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From |
David Airey <david.airey@Vanderbilt.Edu> |

To |
statalist@hsphsun2.harvard.edu |

Subject |
Re: st: permutations |

Date |
Mon, 17 Mar 2008 11:49:14 -0500 |

On Mar 17, 2008, at 10:55 AM, Christopher Intemann wrote:

Hi Dave, Am 17.03.2008 um 14:53 schrieb David Airey:.Thank very much you for your efforts.

I calculated a test of a difference between any two SNP genotypes. You are saying you want to know which pairwise comparisons are different. If you just want those two probabilities (genotype 2 = genotype 0, genotype 1 = genotype 0), you get these by adding a couple lines to our code, and modifying the permute command as below. To get the other comparison (genotype 2 = genotype 1), you would need to use a different base comparison, or you would need to use the command lincom.

***do_begin***

describe

table age caco snp

program plogistic, rclass

version 10

args caco snp age

xi: logistic `caco' i.`snp' i.`age'

test _Isnp_1 _Isnp_2

return scalar chi2 = r(chi2)

test _Isnp_1

return scalar chi2_1 = r(chi2)

test _Isnp_2

return scalar chi2_2 = r(chi2)

end

set seed 3132008

permute caco chi2=r(chi2) chi2_1=r(chi2_1) chi2_2=r(chi2_2), ///

reps(1000): plogistic caco snp age

***do_end***

Monte Carlo permutation results Number of obs = 2394

command: plogistic caco snp age

chi2: r(chi2)

chi2_1: r(chi2_1)

chi2_2: r(chi2_2)

permute var: caco

------------------------------------------------------------------------------

T | T(obs) c n p=c/n SE(p) [95% Conf. Interval]

------------- +----------------------------------------------------------------

chi2 | .1560796 920 1000 0.9200 0.0086 . 9014202 .936058

chi2_1 | .1184664 724 1000 0.7240 0.0141 . 6951618 .7515127

chi2_2 | .1448991 719 1000 0.7190 0.0142 . 690024 .7466803

------------------------------------------------------------------------------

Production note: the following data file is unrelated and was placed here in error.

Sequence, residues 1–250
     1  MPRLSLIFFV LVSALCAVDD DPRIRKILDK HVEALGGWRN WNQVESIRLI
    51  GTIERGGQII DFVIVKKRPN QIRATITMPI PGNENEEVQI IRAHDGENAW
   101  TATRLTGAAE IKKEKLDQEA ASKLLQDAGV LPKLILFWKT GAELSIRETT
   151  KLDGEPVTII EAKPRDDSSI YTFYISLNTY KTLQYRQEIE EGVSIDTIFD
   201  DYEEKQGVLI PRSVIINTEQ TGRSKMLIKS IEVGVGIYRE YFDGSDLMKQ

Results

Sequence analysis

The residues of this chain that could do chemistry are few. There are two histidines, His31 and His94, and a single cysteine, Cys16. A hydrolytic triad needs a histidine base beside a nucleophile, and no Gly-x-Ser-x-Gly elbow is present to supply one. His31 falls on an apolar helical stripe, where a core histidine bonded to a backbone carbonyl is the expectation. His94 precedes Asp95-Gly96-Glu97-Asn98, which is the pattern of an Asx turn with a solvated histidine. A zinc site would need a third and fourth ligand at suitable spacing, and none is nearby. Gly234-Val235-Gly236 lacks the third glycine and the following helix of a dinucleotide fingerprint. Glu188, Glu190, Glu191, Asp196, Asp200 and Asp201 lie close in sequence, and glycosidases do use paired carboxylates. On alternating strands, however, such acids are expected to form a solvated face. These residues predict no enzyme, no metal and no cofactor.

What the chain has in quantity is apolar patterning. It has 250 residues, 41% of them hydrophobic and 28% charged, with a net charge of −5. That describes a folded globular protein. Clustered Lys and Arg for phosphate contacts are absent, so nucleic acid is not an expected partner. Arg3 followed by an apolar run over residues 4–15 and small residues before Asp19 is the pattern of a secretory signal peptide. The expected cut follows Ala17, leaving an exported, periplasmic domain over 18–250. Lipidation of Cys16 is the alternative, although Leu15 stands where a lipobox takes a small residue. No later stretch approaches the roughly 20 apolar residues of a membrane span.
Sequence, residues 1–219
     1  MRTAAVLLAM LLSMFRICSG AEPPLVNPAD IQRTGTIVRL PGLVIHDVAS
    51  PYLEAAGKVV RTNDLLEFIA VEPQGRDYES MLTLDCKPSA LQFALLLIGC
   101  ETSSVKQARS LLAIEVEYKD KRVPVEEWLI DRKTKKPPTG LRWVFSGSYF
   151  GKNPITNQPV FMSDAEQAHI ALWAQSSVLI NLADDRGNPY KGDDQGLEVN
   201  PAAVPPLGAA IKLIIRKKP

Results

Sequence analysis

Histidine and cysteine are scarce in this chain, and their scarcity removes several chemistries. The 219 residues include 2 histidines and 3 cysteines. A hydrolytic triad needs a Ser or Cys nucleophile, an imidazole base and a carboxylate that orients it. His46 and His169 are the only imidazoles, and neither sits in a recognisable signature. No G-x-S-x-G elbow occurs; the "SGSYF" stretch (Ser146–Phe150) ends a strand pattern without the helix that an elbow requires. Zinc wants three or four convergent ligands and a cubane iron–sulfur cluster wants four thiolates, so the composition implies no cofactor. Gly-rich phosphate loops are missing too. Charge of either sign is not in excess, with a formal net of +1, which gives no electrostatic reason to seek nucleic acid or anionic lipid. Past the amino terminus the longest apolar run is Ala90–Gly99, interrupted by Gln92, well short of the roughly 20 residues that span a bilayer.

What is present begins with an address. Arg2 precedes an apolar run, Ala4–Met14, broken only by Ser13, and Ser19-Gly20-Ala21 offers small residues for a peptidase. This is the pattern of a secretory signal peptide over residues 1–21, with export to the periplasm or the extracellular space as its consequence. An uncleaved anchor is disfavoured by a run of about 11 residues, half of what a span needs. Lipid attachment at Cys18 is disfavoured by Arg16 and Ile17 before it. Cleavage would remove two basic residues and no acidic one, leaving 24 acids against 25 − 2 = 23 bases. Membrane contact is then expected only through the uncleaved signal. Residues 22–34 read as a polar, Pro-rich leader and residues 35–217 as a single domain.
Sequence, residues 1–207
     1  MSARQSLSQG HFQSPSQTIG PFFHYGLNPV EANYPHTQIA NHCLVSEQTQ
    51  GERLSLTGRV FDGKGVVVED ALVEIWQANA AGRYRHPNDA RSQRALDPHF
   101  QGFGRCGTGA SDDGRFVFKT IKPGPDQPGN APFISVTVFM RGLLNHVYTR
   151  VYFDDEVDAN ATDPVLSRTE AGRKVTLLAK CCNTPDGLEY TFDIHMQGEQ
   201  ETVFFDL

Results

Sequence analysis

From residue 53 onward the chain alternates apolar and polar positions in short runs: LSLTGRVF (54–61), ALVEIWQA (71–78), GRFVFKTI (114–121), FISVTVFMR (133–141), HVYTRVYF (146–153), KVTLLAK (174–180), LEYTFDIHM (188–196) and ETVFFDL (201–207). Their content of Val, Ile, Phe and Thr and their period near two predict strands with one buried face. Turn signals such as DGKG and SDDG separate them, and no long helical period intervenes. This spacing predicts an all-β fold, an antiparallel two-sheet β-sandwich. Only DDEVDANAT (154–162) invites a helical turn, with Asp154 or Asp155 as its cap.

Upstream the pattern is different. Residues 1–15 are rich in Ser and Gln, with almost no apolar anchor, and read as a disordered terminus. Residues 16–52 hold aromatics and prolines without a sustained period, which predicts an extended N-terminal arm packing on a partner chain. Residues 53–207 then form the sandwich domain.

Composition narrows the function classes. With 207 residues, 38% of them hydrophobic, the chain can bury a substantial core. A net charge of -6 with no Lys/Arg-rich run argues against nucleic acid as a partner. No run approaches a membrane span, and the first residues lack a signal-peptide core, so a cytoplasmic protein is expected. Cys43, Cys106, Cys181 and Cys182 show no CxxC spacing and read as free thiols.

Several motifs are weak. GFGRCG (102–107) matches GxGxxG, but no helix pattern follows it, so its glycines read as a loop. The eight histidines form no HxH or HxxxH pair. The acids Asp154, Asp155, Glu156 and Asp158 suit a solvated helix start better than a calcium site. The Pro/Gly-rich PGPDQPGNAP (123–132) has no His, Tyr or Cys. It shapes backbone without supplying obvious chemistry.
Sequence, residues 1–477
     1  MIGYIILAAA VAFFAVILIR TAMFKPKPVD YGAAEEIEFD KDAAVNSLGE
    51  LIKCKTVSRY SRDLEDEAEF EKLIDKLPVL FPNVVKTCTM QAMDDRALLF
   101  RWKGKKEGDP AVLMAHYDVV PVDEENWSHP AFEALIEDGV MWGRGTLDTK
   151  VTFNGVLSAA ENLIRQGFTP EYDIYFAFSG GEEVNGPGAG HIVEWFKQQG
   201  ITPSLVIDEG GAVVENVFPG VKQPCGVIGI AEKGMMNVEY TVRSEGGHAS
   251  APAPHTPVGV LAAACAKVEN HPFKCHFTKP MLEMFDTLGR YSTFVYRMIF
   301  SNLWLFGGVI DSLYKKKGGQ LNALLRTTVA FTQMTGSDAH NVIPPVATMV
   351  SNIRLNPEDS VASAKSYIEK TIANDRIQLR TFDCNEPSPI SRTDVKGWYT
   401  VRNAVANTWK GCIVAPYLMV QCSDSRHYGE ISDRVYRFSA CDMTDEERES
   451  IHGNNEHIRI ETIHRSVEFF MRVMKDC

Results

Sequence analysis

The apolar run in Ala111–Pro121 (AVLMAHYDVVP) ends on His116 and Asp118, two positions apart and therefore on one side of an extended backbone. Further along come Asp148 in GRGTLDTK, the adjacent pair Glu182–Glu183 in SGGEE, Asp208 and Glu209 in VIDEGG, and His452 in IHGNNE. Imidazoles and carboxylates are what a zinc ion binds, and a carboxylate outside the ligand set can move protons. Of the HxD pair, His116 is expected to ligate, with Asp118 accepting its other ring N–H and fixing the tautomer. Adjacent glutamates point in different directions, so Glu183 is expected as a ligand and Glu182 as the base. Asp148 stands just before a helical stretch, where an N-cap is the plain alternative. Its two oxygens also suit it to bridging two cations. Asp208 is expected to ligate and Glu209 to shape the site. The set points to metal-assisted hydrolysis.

Note: confidence intervals are with respect to p=c/n.

Note: c = #{|T| >= |T(obs)|}

.

Your solution does exactly what I was looking for; figured it out already:-)

The only thing is that I now have some trouble obtaining the full p- value.

<snip>

Monte Carlo permutation results Number of obs = 4356

command: plogistic affected_stata snp age ethno_x sex_x

chi2_1: r(chi2_1)

chi2_2: r(chi2_2)

permute var: affected_stata

------------------------------------------------------------------------------

T | T(obs) c n p=c/n SE(p) [95% Conf. Interval]

------------- +----------------------------------------------------------------

chi2_1 | 10.44501 2 1000 0.0020 0.0014 . 0002423 .0072058

chi2_2 | 16.76662 0 1000 0.0000 0.0000 0 .0036821

------------------------------------------------------------------------------

Note: confidence intervals are with respect to p=c/n.

Note: c = #{|T| >= |T(obs)|}

</snip>

According to stata help, results are stored in several matrices.

To get the p-values, I'm using these command:

The p value is simply p=c/n in the tabled results. It is 0.002, and 0.000. Increase your number of permutations if you want something more exact than 2/1000, or 0/1000. Try 10,000 permutations, instead of 1000. You should try to report an exact probability. This is especially important if you are running many SNPs and later want to apply a multiple test correction procedure. There, 1x10-6 or 1x10-7 matters a lot.

The seed is necessary for replication. If you don't set the seed you will get chance variation in your results, because permute will be using different random numbers; setting the seed makes permute use the same random numbers. It will not affect your statistical conclusions. Most people will seed the random number generator.

-Dave

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**Follow-Ups**:**Re: st: permutations***From:*Christopher Intemann <intemann@gmail.com>

**References**:**st: permutations***From:*Christopher Intemann <intemann@gmail.com>

**Re: st: permutations***From:*David Airey <david.airey@Vanderbilt.Edu>

**Re: st: permutations***From:*Christopher Intemann <intemann@gmail.com>

**Re: st: permutations***From:*David Airey <david.airey@Vanderbilt.Edu>

**Re: st: permutations***From:*Christopher Intemann <intemann@gmail.com>

**Re: st: permutations***From:*David Airey <david.airey@vanderbilt.edu>

**Re: st: permutations***From:*Christopher Intemann <intemann@gmail.com>

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